As a result of the growing trend of accidents caused by texting, many states (Arkansas, Colorado, Illinois, Maryland, North Carolina, Texas, and Virginia) are enacting legislation to make texting and emailing from mobile devices for teens (and in some cases everyone) illegal while driving. As society is adapting to new technologies, it is great to see that the lawmakers are doing their part to keep up. These types of laws are picking up steam across the country and will likely be the norm in a few more years.

Adults may not be texting up a storm as they drive, but sending emails and twittering are likely just as dangerous. These communication tools have brought communication everywhere, even places where we should be focused on other things. Let’s keep having the conversations, but make sure it is done safely.

Image from

Trend Tuesday: Still Waiting til the Last Minute?

(I realize this was published later than normal.   It is part of the story.   Welcome again to another crazy JMO post.)

In the blogging world, many people teach that having posts on a regular schedule is the way to create a readership.   But this is only half of the message.   It leaves out the ‘quality’ part.   To have a successful blog, there should be a regular stream of quality posts to feed a readership.   Here is a quick list on how to have a great blog.

  1. Make a blog. (wordpress is good)
  2. Set a regular schedule you can maintain.
  3. Write a QUALITY Post.
  4. Click Publish.
  5. Repeat 3 and 4 based on 2.

Ok, so that probably isn’t the Top 5 list you were hoping to see.   Too bad, because that’s really all there is to it.

In writing this post I was almost guilty of overlooking Step 3.   When you title your blog post Trend Tuesday, you are setting yourself up for a pretty hard deadline.   And Tuesday is almost gone.   Should I just hit Publish now?   Probably not, as I haven’t finished my story yet.   So, why am I not done yet?   I’ve got some great excuses.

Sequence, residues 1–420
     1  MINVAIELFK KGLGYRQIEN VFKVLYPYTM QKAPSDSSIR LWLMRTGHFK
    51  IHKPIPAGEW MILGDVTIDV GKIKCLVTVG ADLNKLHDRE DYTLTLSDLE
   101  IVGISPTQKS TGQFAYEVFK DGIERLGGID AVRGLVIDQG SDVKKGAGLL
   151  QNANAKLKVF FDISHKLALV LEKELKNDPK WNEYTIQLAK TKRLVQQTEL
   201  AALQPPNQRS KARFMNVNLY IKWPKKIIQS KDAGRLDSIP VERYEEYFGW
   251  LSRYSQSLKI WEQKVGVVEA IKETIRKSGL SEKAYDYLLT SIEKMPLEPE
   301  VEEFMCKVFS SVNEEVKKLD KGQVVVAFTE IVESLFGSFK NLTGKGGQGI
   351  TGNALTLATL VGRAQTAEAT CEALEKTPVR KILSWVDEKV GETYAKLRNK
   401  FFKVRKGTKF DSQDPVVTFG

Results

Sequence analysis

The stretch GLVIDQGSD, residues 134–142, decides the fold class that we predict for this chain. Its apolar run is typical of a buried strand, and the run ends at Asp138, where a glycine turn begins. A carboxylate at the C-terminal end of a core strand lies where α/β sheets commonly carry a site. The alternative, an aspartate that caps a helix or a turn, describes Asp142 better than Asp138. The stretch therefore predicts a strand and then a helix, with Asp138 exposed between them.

1. I haven’t reached the deadline yet
  2. I work better at the last minute
  3. It wasn’t a high priority

I haven’t hit the deadline.   For this excuse, I am really blaming the deadline.   Unfortunately, deadlines have a tendency to backfire.   A week ago we set a deadline to have a new Trend Tuesday blog post done by Tuesday.   I had a whole week to get it done.   But really, by giving myself a deadline of Tuesday, I committed to doing it on Tuesday.   Because this is due in a week, it ranks behind other tasks, until Tuesday that is.   Now it is on top of the heap, but it is almost too late.   Way to avoid this: set earlier deadlines, or, if you can, do things immediately. Think of the deadline as less of a due date and more of a time to actually do it.

And anyways, I work better at the last minute.   Because at the last minute, there is added stress and pressure.   And I work great under pressure.   NOT.   At the last minute, I am forced to get things done.   Not to make them right, or even above average. And certainly not to make them spectacular.   But they do get done.   Had I made my deadline, you would have stopped reading after the Top 4 list.   That is what is produced by someone who works better at the last minute.   Way to avoid this: set standards for quality. For this post, it could be the words, time spent on it, or links.   Or it could be that I got 5 other people excited after they read it.

But the real reason I didn’t finish on time is that this wasn’t a high priority.   Unfortunately, task managers and to-do lists have this annoying priority system built in with 1-5’s and stars and red flags, etc.   I think priority is really a boolean, or an on/off switch.   Something is a priority, or it isn’t. Merlin Mann agrees, or really, I agree with him.   But when I first learned of this task, I said this wasn’t a high priority. But if this isn’t a high priority, then why am I not done yet?   It is superseded by a real priority.

The real priority is that when I publish something with my name on it, it has to be my best effort. This is the priority.   This is Step 3 above.   And this is what makes great bloggers, writers, designers, and all creators.   When I first started this, under the deadline, rushing it out, it was about 200 words of garbage.   I’ve since deleted all of that, and written all of this.   While some may argue that I was just lazy and procrastinated and that’s why this wasn’t finished, I’d have to disagree.   I set myself up for failure when I did the following: